Rooty, rocky trails span from the Kettle Valley Railway, through cedar forests, and down into the exposed landscape with blossoming shrubs growing in the aftermath of the 2003 Okanagan Mountain Park Fire. The Crawford trail network is a perfect spot for a taste of Okanagan Mountain Biking, with trails that can satisfy riders ranging from total beginners to advanced gnar seekers. The network is part of Myra-Bellevue Provincial Park and currently boasts 109 trails listed on the Trail Forks app, 21 of them rated green, 58 rated blue, and 15 rated black.
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Crawford is located in the southeast of Kelowna near the Kettle Valley Neighbourhood. The trails can be accessed via Stewart Road East at the Myra Bellevue Provincial Park parking lot. To get there, take Gordon Drive travelling south from Hwy 97, take a left onto Casorso Road, follow it until it turns into Bedford Road and stay on Bedford Road until you hit an intersection and travel straight through onto Stewart Road East, which will take you right into the parking lot. View Google Maps Myra-Bellevue Provincial Park Parking Area Location to access the Crawford trail network.
What to Expect
Mountain Biking at Crawford Trails
The downhill trails in the Crawford Network are best accessed by climbing the Lost Lake Trail. However, some will choose to shuttle via June Springs Road and take one of the two popular descents that drop in from the Kettle Valley Railway: Crawford Canyon DH and Vapour. The Lost Lake Trail is a double-track climb with some single-track climb trails that braid off of it, such as the Spring Bypass Trail. The Lost Lake Trail eventually meets a fork named the “Teddy Bear Junction,” where riders either continue left on the Lost Lake Trail or branch off to the right onto Pink Highway. No matter which way you go, you will find yourself with a wide range of downhill options, from smooth green trails that weave through the shrubs and young trees, blue trails with fast turns, small drops, and a light introduction to the chunky granite that can be found in the network, and black trails with janky rock gardens, drops, granite slabs, and challenging tech.
It is important to note that this network is shared with horseback riders and hikers, and mountain bikers should yield to both these groups.
Recommended Beginner Ride
Pedal up Lost Lake Trail and continue for a little while past Teddy Bear Junction until you see a trail called Galloping on your left. Galloping is an easy descent with swooping turns through the trees at a moderate slope. At the bottom of Galloping, you will reach a split. Turn riders left onto Fairlane. Fairlane is marked blue and should be approached slowly. There are some slightly steeper sections along with two rock features that can either be ridden around or walked. This is a good trail for progression at a beginning stage, but remember to know your limits and to “look before you leap.” Near the end of Fairlane, there will be a junction with the trail Lower Bench that will take you back to the parking lot.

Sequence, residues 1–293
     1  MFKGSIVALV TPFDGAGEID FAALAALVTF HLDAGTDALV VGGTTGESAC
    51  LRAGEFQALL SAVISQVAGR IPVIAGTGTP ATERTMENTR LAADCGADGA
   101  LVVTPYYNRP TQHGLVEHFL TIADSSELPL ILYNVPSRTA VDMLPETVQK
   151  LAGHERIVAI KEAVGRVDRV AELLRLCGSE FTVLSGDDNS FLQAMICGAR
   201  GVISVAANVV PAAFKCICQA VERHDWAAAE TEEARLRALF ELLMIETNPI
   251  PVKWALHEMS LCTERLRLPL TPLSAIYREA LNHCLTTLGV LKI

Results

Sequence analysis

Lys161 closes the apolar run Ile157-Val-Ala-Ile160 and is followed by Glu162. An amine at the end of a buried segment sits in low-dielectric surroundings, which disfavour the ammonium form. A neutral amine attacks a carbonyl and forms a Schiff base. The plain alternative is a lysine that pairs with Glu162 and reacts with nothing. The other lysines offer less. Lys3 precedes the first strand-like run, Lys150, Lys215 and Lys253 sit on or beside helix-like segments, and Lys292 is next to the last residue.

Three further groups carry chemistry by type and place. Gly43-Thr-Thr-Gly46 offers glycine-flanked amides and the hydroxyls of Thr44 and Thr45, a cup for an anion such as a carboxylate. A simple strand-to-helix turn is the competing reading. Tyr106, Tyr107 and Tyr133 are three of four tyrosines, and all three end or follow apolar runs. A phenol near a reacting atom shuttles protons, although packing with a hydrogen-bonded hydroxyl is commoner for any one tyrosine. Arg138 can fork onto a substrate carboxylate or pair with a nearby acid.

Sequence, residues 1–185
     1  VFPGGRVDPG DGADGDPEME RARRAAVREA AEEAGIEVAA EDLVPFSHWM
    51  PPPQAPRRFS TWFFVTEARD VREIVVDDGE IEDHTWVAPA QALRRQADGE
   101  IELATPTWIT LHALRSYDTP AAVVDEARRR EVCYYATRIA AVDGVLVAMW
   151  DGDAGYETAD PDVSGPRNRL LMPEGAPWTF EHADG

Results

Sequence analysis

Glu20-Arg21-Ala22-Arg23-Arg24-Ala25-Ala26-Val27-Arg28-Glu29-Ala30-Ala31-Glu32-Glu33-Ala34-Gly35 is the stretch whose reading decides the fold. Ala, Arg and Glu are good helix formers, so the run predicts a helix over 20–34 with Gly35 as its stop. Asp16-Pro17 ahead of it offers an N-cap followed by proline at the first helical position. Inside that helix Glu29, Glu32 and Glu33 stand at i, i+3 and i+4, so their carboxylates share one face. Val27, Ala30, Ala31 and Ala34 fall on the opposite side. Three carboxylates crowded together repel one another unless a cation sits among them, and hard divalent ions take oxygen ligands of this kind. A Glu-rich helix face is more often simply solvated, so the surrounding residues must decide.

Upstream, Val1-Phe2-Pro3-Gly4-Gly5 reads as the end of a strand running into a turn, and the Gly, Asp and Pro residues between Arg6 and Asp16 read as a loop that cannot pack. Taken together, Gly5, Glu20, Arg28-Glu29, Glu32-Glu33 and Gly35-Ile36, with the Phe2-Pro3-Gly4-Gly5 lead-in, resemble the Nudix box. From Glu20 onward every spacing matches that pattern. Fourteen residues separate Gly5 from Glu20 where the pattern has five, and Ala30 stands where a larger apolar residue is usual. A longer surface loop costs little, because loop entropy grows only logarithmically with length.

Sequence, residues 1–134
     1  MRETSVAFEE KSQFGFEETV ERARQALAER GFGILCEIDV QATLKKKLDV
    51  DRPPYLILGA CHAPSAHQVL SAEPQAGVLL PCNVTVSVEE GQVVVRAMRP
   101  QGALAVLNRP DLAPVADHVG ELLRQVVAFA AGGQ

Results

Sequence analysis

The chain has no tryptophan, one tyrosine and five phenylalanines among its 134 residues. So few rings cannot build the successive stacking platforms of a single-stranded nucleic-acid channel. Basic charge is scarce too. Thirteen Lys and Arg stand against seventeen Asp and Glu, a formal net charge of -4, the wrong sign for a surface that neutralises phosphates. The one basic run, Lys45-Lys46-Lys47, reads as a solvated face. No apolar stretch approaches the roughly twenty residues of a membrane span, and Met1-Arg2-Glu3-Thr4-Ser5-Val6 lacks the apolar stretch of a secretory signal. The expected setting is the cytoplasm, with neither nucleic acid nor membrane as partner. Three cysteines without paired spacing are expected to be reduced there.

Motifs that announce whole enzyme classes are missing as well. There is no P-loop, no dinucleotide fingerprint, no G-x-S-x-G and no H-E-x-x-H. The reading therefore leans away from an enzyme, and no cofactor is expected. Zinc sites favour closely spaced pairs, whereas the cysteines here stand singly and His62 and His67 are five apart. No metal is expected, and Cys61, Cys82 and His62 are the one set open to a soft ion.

Recommended Intermediate Ride
Photo credit: Mountain Biking BC. Crawford Trails (Myra-Bellevue Provincial Park)
Pedal up the Lost Lake Trail and turn right at Teddy Bear Junction onto Pink Highway. Ascend the Pink Highway until you reach Boris. Boris is full of chunky rocks and can be ridden fast. A more challenging rock feature about 2/3 of the way down the trail is a good progression feature to prepare riders to move from the blue to the black trails in the network. From the bottom of Boris, turn right onto Earing until it meets Connector. Although rated black, this lower section of Connecter is fast with fun corners and no surprise features along the way. From the bottom of Connector, follow Upper Bench and descend Earing until you reach the parking lot.
Recommended Advanced Ride
Pedal up Lost Lake Trail beyond the Teddy Bear Junction until you reach Grassy, climb Grassy and turn right onto Outhouse when you reach the junction. Continue onto Outhouse until you reach Vapour. This lower section of Vapour starts in the trees with rooty sections and continues into the open landscape with lots of exposed granite rock features. The trail is full of drops, views of Kelowna, and techy rock features. At the bottom of Vapour, turn left and pedal up Pink Highway until you reach Connector. Connector starts with a moderate tech climb up to an epic view of Kelowna that is best enjoyed just before sunset with enough time to make it to the parking lot before dark. Connector is full of chunky rock lines and drops with a little bit of slab. Continue down Connector until you reach Heckle, where there are two great options to continue down. If Connector was as gnarly as you wanted to go, continue down Heckle for a fast descent with smaller rock drops and loose corners. If you are craving a little more spice, take a short climb up to Rocky Screech which starts with a fast section with some rock jumps, then moves into some steep rock rolls, a narrow slab into a 4ft drop, and a challenging right tech corner with a rock step. From the bottom of either of these trails, turn left onto Upper Bench and descend Earing back to the parking lot.
Great Views of Kelowna while Mountain Biking at Crawford Trails
Crawford is easily the most popular pedal-accessed trail network in Kelowna, and for good reason! There is something in the trail network for everyone to enjoy; the network offers some of the most incredible views of Kelowna, and the unique granite rock features are a ton of fun. After a long day of shredding the dirt, there are plenty of beaches, wineries, and local craft breweries nearby to enjoy in Kelowna. And if you are coming from out of town, there are countless places to stay, ranging from campgrounds to hotels, motels, and high-end luxury hotels.